We’re excited to see the tickets selling well for our concert on 2nd September in Marlow. Now that our brand new ticket printer and stock have arrived, we’ve been busy printing, and all tickets purchased up to this point have been posted today, so should be with customers on Monday, unless otherwise requested.
From now, just to be safe that things don’t get held up in the post, any tickets ordered will be available to collect at the event.
There are now fewer than 15 tickets left in the Front Nave section and a similar number for the Rear Nave, so if you want to get the best seats, we recommend you act quickly! But rest assured, the side aisles are also a brilliant place to experience this amazing performance.
More about AAM and their soloists
Alastair Ross – Harpsichord
The Chilterns’ very own Alastair Ross, also principle keyboard player for Harry Christophers’ The Sixteen, will be playing the Harpsichord.
Alastair was an organ scholar at New College, Oxford, before spending two years in the US studying. When he returned to the UK, he had church jobs at High Wycombe Parish Church and St Margaret’s, Westminster before focusing on playing the harpsichord with orchestras. “I passionately love that repertoire, but gave it up when I realised that I’d rather drag my young children into the Chiltern Hills than into church on Sunday mornings.”
In the 2009 Proms, he performed one of Handel’s Organ Concertos in an all-Handel programme with the Coronation Anthems.
Lucie Horsch – Recorder
Described as “the latest big thing in recorder playing” by The Guardian and having “fearsome virtuosity and superb technique” by BBC Music Magazine, we are delighted to welcome 18-year old Dutch recorder player, Lucie Horsch. Lucie came to the public’s attention aged just nine years old when she performed Brahms’ Hungarian Dance No 5 in a televised concert on the Prinsengracht canal, under conductor Jurjen Hempel.
She represented her country in the Eurovision Young Musician Contest in 2014, reaching the finals, and launched her first CD under Decca last year. Being a proud ambassador of the recorder, Lucie is passionate to break down preconceptions, to experiment and to push boundaries. Besides performing the broad baroque repertoire for recorder, she enjoys performing contemporary repertoire. Lucie plays on recorders built by Fred Morgan, Doris Kulossa, Stephan Blezinger and Seiji Hirao, with the generous support of the Prins Bernhard Foundation. She also gratefully uses a specially designed tenor flute from Tokyo.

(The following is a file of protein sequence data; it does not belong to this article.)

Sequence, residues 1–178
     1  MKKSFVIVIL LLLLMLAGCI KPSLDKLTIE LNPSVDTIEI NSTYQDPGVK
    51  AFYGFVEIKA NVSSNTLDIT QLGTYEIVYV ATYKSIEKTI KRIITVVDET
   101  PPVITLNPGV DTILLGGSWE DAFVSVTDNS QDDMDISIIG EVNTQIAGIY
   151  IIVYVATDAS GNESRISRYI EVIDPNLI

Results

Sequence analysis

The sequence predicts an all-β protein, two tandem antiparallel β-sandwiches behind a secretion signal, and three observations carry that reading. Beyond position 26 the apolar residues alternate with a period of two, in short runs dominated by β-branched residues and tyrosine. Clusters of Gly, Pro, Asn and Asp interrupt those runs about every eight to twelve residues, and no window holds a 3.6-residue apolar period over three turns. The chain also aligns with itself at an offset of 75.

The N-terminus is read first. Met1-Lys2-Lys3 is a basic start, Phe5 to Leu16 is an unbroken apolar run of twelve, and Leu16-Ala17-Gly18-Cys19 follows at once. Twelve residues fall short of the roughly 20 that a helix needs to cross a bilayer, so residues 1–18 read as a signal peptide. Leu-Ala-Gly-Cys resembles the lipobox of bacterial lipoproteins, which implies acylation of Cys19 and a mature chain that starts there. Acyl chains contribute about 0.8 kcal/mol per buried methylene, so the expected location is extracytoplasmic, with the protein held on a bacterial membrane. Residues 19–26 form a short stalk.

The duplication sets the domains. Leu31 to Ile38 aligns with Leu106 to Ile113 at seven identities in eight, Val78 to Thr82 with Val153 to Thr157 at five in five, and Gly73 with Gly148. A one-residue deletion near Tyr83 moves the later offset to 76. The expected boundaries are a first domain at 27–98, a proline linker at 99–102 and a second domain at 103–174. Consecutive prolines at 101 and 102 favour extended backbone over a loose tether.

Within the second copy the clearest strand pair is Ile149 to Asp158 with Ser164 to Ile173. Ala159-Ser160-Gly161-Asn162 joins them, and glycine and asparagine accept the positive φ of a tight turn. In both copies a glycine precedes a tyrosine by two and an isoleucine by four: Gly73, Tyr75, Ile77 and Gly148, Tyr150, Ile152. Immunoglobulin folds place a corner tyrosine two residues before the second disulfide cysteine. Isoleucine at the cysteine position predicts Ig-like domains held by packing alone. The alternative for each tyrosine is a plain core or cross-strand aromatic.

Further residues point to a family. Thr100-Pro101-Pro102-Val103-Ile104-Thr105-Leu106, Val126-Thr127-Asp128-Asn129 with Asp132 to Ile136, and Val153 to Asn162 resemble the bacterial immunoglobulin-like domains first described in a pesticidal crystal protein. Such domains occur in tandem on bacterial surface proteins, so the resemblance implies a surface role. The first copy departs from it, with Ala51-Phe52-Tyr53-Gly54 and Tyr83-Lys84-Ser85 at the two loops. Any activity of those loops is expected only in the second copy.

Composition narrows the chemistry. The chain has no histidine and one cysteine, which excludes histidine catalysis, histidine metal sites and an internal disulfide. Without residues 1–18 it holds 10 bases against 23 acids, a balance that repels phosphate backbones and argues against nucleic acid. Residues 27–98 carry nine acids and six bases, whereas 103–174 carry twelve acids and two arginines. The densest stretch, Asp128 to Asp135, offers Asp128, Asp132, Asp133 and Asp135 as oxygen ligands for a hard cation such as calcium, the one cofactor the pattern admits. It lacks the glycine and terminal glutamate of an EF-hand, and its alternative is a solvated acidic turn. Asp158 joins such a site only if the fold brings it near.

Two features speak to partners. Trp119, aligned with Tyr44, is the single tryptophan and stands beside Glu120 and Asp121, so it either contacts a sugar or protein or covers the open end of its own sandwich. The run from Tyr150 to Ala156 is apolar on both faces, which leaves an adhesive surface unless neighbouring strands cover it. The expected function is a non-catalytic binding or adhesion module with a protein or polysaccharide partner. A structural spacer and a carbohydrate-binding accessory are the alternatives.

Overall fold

Just this week, Lucie has been on BBC Radio 3, performing live on the In Tune programme with Sean Rafferty. A short video clip of her performing Spring from Vivaldi’s Four Seasons can be found below this post.
Rodolfo Richter – Director and Violin
British/Brazilian violinist, Rodolfo Richter, was trained as a modern violinist with Moysés de Castro, Klaus Wüsthoff, and Pinchas Zukerman, and studied composition with Hans-Joachim Koellreutter and Pierre Boulez. He later specialized in the baroque violin with Monica Huggett at the Royal Academy of Music. He was a prizewinner at the prestigious International Early Music Competition for Ensembles in Bruges (2000), and won first prize at the Antonio Vivaldi International Violin Competition (2001).
Describing his switch to the Baroque style, Rodolfo said “The turning point came when I was living in Chicago. I was playing in the orchestras there, starting to make my living as a violinist. The only baroque pieces played by my violin friends were the Bach solo sonatas and partitas… I wanted to explore the music of Marini, Biber, Fontana — early music for the violin. It was fascinating! And of course the modern violin was not the right instrument to voice this music. So by chance I met someone who played double bass with Harnoncourt in Vienna — he was visiting Chicago — and he said, “Look, I think you should follow your instincts and try the baroque violin.”.”
“With real music you’ve got to get inside and explore. You grow with that, with questioning what you’re doing, why you’re doing this. What music has taught me is that you have to get to know yourself better — it’s both emotional and intellectual. That’s the other thing with music, you never stop learning. The most important thing about music — it should have an emotional impact with a kind of intensity that is utterly compelling for the people who are listening.”
Ashley Solomon — flute and recorder
Combining a successful career across both theory and practice, Professor Ashley Solomon is Chair and Head of Historical Performance at London’s Royal College of Music, having been appointed a professor in 1994.
As a soloist, he has performed worldwide, including concertos in the Sydney Opera House, Esplanade (Singapore), Teatro Colon (Buenos Aires), Concertgebouw (Amsterdam), Konzerthaus (Vienna), Beethoven-Haus (Bonn), Handel-Haus (Halle) and Frick Collection (New York).
In 1991, he won first prize in the Moeck International Recorder Competition, resulting in a solo debut recital at London’s Wigmore Hall. This led to a debut solo recording project for the English label Meridian Records of recorder and Italian baroque flute music which was released in 1994.
As well as his academic and solo work and performances with the Academy of Ancient Music He is a founder and the director of Florilegium, an outstanding period instrument ensemble, and his release of Telemann’s 12 Fantasias for Solo Flute was called “an articulate, buoyant delight” by the Guardian.